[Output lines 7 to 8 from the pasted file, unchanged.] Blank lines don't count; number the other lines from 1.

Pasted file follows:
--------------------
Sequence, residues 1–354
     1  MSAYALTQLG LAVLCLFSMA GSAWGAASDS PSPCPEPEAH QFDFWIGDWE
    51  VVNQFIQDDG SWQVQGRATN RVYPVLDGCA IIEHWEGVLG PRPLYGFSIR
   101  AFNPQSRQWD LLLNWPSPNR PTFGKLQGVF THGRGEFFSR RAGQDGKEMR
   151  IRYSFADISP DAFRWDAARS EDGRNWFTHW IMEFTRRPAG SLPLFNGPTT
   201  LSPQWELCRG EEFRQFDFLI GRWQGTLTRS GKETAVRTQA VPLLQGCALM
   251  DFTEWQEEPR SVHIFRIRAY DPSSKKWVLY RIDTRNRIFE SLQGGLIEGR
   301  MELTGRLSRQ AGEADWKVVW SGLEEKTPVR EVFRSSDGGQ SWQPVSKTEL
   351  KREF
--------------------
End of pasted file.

   251  DFTEWQEEPR SVHIFRIRAY DPSSKKWVLY RIDTRNRIFE SLQGGLIEGR
   301  MELTGRLSRQ AGEADWKVVW SGLEEKTPVR EVFRSSDGGQ SWQPVSKTEL